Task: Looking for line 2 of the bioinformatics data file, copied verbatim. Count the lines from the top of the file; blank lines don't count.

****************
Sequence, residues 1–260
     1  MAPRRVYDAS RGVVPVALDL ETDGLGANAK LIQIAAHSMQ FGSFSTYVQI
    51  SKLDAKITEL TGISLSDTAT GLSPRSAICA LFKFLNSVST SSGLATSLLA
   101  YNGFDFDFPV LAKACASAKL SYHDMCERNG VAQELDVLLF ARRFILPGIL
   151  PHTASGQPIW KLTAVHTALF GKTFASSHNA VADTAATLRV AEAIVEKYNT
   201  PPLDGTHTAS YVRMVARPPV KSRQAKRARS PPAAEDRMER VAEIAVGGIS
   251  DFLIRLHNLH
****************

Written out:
     1  MAPRRVYDAS RGVVPVALDL ETDGLGANAK LIQIAAHSMQ FGSFSTYVQI